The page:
James Januzzi, MD: Yes, it’s a remarkable story. The multitude of potential mechanisms of action remain so compelling, and yet still unanswered. There are more review articles on the mechanisms of action than mechanistic papers explaining what the most plausible candidates may be. These therapies preserve kidney function and lead to a certain degree of nature-resistant diuresis without activating the renin-angiotensin-aldosterone system [RAAS], but they’re much more than just a so-called smart diuretic. In fact, as you pointed out, there are now randomized data showing an impact on reverse cardiac remodeling. Earlier on I mentioned that therapies that improve ejection fraction in HFrEF are beneficial. Javed, what do we know about the impact of SGLT2 inhibitors on patients with heart failure with reduced EF? Let’s put the diabetes question completely aside. Let’s talk about them as a heart failure drug.
Javed Butler, MD, MPH, MBA: There are 2 large trials that have been published. DAPA-HF was dapagliflozin 10 mg vs placebo on standard of care, and EMPEROR-Reduced with empagliflozin. Both trials had baseline therapy that was excellent: 90%-plus use of diuretics, RAAS inhibitors, and β-blockers, and 70%-plus use of MRAs [mineralocorticoid receptor antagonists]. The beneficial effect that we’re seeing was on top of really good baseline medical therapies, so we can be rest assured that this is incremental benefit on top of that.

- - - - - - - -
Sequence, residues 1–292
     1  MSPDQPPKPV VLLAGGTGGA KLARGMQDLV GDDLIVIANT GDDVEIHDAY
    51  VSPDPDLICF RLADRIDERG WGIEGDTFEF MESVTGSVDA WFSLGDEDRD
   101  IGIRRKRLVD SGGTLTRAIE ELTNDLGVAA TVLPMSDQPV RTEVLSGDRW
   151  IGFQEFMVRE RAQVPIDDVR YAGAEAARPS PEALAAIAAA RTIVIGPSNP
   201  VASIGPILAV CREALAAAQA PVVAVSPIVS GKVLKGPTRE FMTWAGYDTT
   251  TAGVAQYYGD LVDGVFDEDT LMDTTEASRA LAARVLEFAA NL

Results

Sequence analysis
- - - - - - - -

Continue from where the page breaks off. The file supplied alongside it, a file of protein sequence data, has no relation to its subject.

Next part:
The primary end point of reduction in cardiovascular death and heart failure hospitalization, was positive in both trials. Recurrent heart failure hospitalizations, total heart failure hospitalization, renal function preservation, and quality of life scores were all improved in both of the trials. Then there were 2 big questions. Did this gamble of giving SGLT2 inhibitors to patients without diabetes pan out? Absolutely. Not only do patients without diabetes benefit from these agents, the magnitude of benefit and relative risk reduction is interchangeable in those with or without diabetes. One of my colleagues said, “Well, prediabetes, diabetes is a continuum. What about low glycemic epidemiology?” So DAPA-HF looked at it in 3 ways: diabetes, prediabetes, or no glycemic imbalance. Again, all 3 groups benefited.
James Januzzi, MD: On top of that, they also have data showing that being on dapagliflozin prevented onset of diabetes among people who didn’t have the diagnosis before. You’re talking about almost a 360-degree win. It’s quite remarkable. This experience has been one of the victories in recent heart failure therapy development. The observation in the diabetes trials was made, then the outcomes trials were rapidly developed, executed, and successful. Now we have a fourth major category of therapy in our armamentarium. That term is used all the time. We like to call them weapons. We now have a fourth major category of drug, the fourth pillar, that blocks a unique set of biological pathways to improve outcomes in our patients with heart failure with reduced ejection fraction.
Transcript Edited for Clarity